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Research on Evaluating Concentrations of Endocrine Disrupting Chemicals in Biosolids (Sewage Sludge)

In the United States, about 60% of biosolids—solid residues produced by wastewater treatment—are applied to land as an agricultural amendment.  The biosolids supplement the nitrogen and phosphorous as well as the organic carbon in the soil and help crops grow.  EPA regulates land application of sewage sludge (biosolids).

In 2002, the National Research Council of the National Academy of Science issued a report: "Biosolids Applied to Land: Advancing Standards and Practices” (NRC, 2002).  The report recommended additional scientific work to reduce uncertainties about the potential for adverse effects from exposure to biosolids. EPA researchers are addressing some of these uncertainties by evaluating whether chemicals in biosolids degrade when biosolids are applied to agricultural soils or if the chemicals persist.

The biosolids are treated using methods similar to those commonly used in sewage-treatment plants, and then the biosolids are spread on fields. EPA researchers take samples from these fields to determine the persistence of endocrine disrupting chemicals.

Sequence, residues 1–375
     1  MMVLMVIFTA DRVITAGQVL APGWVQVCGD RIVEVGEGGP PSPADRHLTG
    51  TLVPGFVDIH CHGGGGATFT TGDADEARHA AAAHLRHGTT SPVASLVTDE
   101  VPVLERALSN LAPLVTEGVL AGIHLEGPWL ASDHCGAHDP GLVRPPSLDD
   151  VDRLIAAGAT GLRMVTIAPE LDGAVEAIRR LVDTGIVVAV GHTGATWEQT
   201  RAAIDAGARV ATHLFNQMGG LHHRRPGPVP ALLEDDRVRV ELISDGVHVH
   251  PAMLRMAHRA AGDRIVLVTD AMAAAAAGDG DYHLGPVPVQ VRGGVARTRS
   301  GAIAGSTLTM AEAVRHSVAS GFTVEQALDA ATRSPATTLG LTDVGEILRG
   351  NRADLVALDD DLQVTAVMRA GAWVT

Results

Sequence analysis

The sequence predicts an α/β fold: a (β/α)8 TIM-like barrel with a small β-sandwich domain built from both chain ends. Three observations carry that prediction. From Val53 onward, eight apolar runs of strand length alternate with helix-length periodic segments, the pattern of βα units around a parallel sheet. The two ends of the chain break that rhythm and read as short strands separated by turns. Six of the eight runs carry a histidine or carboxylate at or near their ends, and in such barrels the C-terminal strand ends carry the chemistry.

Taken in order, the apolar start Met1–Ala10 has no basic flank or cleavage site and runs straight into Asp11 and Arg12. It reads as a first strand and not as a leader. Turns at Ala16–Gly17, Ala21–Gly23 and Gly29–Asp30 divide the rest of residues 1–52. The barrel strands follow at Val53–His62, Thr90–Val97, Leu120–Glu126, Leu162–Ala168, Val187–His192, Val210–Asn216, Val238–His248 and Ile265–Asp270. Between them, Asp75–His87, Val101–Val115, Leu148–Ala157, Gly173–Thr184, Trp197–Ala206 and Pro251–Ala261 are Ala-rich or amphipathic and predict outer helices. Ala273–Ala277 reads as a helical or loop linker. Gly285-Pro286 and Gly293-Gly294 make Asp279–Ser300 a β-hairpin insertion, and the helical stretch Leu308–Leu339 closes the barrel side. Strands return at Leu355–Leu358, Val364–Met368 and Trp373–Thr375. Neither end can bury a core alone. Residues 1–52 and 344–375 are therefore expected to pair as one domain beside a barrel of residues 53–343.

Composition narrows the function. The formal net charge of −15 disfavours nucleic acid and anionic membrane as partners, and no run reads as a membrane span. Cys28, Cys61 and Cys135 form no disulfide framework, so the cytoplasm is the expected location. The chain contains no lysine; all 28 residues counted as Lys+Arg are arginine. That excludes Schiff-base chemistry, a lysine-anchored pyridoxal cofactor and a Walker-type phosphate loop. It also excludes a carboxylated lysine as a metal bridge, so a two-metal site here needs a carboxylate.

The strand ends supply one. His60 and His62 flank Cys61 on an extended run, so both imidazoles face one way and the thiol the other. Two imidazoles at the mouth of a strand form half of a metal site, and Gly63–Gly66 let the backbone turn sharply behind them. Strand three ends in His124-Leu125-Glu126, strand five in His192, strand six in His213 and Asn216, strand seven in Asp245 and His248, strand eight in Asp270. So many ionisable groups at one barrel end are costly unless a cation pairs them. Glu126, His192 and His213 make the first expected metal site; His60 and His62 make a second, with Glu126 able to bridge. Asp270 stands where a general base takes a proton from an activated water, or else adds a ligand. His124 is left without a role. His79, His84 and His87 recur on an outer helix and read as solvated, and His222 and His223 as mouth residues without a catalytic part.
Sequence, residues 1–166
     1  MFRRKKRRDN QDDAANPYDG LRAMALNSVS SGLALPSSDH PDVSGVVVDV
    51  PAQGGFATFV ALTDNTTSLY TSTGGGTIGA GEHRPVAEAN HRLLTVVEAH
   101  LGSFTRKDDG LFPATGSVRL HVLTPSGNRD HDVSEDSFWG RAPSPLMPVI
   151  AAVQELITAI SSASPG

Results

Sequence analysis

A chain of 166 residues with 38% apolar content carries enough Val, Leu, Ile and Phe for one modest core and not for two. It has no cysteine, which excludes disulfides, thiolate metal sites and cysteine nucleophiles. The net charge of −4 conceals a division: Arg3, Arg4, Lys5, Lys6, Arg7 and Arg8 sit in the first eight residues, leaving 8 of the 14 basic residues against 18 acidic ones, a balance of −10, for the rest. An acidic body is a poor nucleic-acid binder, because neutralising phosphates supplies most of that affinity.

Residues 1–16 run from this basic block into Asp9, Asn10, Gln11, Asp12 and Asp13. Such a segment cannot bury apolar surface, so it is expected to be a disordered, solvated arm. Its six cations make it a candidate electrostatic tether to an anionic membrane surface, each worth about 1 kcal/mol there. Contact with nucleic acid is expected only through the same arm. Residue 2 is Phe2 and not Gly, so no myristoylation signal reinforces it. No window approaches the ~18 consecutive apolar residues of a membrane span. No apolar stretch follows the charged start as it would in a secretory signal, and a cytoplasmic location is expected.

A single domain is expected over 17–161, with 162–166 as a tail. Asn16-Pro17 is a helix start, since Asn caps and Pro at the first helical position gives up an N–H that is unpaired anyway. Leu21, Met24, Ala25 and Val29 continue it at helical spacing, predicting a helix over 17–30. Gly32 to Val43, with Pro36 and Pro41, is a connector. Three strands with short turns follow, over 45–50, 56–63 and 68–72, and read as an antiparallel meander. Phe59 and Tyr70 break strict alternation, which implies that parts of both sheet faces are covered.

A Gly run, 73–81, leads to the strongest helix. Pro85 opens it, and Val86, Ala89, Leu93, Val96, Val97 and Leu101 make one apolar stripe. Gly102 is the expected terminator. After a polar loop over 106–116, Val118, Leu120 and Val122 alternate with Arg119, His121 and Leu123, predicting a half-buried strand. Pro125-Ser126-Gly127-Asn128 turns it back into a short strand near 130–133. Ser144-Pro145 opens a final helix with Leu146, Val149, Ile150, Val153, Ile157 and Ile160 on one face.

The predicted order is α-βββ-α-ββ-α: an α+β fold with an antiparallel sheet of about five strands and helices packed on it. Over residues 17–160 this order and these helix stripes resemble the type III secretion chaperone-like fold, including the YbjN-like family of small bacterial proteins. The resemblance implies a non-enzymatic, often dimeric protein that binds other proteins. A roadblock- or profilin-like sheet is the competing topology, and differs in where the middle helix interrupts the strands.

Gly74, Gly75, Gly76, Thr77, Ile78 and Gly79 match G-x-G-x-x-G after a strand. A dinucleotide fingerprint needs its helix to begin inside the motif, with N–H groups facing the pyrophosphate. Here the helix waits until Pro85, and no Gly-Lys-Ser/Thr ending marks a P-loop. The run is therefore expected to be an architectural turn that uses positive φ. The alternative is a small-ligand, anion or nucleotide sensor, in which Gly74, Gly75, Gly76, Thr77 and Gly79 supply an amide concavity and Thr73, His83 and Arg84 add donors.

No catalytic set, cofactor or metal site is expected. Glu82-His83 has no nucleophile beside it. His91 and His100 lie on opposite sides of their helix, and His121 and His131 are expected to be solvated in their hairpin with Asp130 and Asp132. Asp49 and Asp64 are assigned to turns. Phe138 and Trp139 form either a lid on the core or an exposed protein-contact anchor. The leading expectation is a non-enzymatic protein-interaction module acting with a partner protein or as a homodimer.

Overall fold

One EPA study examined fields in North Carolina after an application of biosolids and tested for the presence of nonyl- and octylphenols; there are some concerns these substances are endocrine disrupting chemicals and are toxic to wildlife and aquatic species. EPA researchers found that these chemicals were present in the soil after application and did not degrade after 98 days when the study concluded.

More research is needed to determine if these concentrations of nonyl- and octylphenols in the soil might be a potential risk to people or the environment. EPA researchers are continuing their studies in a different geographic location to determine whether persistence is affected by weather, soil, and local conditions. They are also assessing fields over a longer time period and expanding the chemicals measured.

The research will be used to better understand the impacts of using biosolids, provide guidance on safer ways (time and mechanisms) to apply biosolids and develop innovative solutions to reduce the concentrations of endocrine disrupting chemicals in biosolids.